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Ronda Rousey, the Ultimate Fighting Championship's biggest star, is once again leading headlines. And rightly so.

This time, it's twofold. She's on the cover of Sports Illustrated, which is still a big thing. Even as the digital revolution marches ever onward, being featured in the pages of Sports Illustrated represents a kind of cache that a million features on MMA-specific websites just cannot bring.

And the cover? It is obviously a big deal, because MMA has only been featured on the cover twice in the history of the magazine. The first time around, it was Roger Huerta in the role of poster boy, but he was mostly used as a stand-in for the promotion itself. That story was about the UFC and its rise to glory.

This story is about Rousey.

The magazine references Rousey as the most dominant athlete in the world. It's a familiar refrain and feels a whole lot like the promotional bluster the UFC churns out when it's time for Rousey to take center stage on one of its pay-per-view events.

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Here’s Stipe Miocic’s Australia experience in a nutshell.

Miocic whipped Mark Hunt about as badly as anybody ever has for 23 minutes on Saturday night, forcing a fifth-round TKO stoppage in the main event of UFC Fight Night 65. Along with the victory, he’ll likely capture something close to No. 1 contender status in the perennially unstable UFC heavyweight division.

Then Miocic woke up at 5 a.m. to watch his beloved Cleveland Cavaliers in the NBA playoffs and reveled in Lebron James’ game-winning shot. Oh, he also spent some time searching social media for the phrase “Stipe sucks” (and at least one NSFW variation thereof), just to keep tabs on the haters:

All in all, it was a pretty full weekend for a guy who is rapidly emerging not only as one of the UFC heavyweight division’s best fighters, but one of its most solid dudes.

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There's no gentle way to put it: The UFC's heavyweight division is old.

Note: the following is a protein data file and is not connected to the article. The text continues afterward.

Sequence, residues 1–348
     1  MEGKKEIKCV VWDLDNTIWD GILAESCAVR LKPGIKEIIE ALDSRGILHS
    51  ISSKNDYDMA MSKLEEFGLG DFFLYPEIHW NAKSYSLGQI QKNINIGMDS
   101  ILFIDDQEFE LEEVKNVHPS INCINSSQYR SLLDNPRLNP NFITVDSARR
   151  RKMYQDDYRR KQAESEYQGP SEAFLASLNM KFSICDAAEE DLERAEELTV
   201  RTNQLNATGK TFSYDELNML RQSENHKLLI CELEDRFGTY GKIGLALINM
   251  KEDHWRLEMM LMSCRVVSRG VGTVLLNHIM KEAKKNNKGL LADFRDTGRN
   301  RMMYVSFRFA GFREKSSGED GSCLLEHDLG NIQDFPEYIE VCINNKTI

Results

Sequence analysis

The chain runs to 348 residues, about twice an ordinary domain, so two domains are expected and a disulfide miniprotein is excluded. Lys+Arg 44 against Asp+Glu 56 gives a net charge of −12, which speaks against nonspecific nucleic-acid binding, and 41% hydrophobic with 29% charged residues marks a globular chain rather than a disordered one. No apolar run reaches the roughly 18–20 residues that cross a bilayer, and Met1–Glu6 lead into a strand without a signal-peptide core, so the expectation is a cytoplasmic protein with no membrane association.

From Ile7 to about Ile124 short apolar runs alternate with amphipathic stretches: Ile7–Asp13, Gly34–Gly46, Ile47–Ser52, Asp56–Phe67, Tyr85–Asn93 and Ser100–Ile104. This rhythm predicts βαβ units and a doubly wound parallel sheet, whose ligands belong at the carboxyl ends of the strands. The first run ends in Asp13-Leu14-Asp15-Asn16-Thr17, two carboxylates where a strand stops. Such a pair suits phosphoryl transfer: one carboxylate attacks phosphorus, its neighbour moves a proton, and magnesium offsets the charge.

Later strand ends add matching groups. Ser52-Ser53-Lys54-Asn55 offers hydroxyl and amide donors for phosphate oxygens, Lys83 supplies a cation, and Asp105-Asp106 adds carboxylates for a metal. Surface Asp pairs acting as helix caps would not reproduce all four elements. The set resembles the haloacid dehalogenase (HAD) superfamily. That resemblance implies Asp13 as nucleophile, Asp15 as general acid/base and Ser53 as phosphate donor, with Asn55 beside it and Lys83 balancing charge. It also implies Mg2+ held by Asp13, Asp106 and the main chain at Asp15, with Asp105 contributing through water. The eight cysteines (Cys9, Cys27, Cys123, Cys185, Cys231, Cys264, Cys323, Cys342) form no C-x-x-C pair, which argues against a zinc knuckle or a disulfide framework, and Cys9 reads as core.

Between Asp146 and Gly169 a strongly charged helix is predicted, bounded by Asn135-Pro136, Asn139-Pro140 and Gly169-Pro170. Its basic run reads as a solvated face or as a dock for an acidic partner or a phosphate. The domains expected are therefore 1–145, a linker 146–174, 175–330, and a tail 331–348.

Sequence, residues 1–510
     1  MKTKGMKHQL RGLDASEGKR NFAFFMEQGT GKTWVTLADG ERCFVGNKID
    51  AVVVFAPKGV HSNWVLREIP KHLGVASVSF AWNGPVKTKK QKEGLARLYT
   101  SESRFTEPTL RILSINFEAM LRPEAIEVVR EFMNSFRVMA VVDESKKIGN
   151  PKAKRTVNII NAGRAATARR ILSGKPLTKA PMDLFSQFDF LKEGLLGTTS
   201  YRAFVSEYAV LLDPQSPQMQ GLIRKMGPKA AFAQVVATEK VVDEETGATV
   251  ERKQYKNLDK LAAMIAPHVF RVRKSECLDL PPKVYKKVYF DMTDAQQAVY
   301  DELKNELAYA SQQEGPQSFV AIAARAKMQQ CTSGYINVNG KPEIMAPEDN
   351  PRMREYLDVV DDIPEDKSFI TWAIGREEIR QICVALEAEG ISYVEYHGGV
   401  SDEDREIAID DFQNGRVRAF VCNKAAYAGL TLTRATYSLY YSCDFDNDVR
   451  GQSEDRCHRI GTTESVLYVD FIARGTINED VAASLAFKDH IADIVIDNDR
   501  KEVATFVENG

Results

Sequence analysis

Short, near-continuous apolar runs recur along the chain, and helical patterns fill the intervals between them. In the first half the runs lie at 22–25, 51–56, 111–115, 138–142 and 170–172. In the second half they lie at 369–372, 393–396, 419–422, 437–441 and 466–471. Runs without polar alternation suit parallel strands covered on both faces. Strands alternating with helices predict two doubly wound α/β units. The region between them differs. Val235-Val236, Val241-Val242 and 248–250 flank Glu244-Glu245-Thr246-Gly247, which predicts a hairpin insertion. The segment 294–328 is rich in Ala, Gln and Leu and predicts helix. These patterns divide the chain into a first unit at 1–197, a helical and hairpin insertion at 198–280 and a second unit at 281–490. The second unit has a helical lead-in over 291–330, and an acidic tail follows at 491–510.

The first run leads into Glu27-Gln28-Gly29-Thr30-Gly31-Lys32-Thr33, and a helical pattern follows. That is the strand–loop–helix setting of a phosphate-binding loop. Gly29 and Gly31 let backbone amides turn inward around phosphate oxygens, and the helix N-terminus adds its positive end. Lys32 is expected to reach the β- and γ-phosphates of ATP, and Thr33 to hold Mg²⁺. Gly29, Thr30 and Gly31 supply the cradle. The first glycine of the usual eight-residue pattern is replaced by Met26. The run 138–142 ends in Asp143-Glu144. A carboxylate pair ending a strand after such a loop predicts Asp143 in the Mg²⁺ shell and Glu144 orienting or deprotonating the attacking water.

Like, really old. 

The average age of the current Top Five heavyweights, per the latest set of UFC rankings—keeping in mind that this also includes Mark Hunt (41), who will no doubt drop out of the Top Five when the latest set of rankings are released this week—is 34 years old. 

The UFC's current Top 10 is a list of aging fighters, with zero young prospects currently making their way up the rankings. Dutch skyscraper Stefan Struve is just 27 years old, but he's far beyond what you'd call a prospect. Heavyweight champion Cain Velasquez is still quite young at 32, but his injury-riddled body has kept him on the sideline for many of his prime years. 

Still, the fighters in the heavyweight division will always intrigue people because they're heavyweights. They're big, powerful dudes with knockout power across the board, and people love that sort of thing.

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The MMA world got its first real look this week at how a new, exclusive outfitting deal between Reebok and the UFC might affect the sport’s athletes.

Thus far, it has been met with fairly unprecedented internal backlash. The vast majority of fighters to comment publicly about the fledgling arrangement—on social media and elsewhere—are not impressed and not amused, per MMAJunkie.com.

Fighters contend the tiered payout system outlined to them via email on Wednesday will amount to huge cuts in their pay. With roughly two months left before the deal takes effect, there is still a lot we don’t know, but if the first wave of public reaction is any indication of what’s going on behind the scenes, it’s nothing short of a talent relations disaster for the world’s largest MMA organization.

For the specifics of the deal and more on the initial response to it, you can read fellow B/R lead writer Jeremy Botter’s take. Or just look at this picture posted by UFC lightweight Myles Jury, which seems to succinctly capture the mood:

via RFA

Co-promotion works. 

For MMA fans, that might feel like a bold statement. After all, for years the UFC has eschewed it, preferring instead to establish themselves as the dominant player in the market and force fighters to come to them.  You'll see the UFC's best fighting the best from other organizations about the time you see pigs fly.

But, in boxing, co-promotion has a storied history, including a little bout you may have heard of—Floyd Mayweather versus Manny Pacquiao. That was a fight that brought together rival fighters, rival networks (HBO and Showtime) and rival promoters (Bob Arum and Al Haymon). 

If those long-time deadly enemies can do it, anyone can—something Legacy FC and Resurrection Fighting Alliance (RFA) intend to prove Friday night on AXS TV, no matter the cost. The two promotions, arguably the top farm systems for future UFC stars, will duke it out in a five-fight battle to establish supremacy on the regional scene.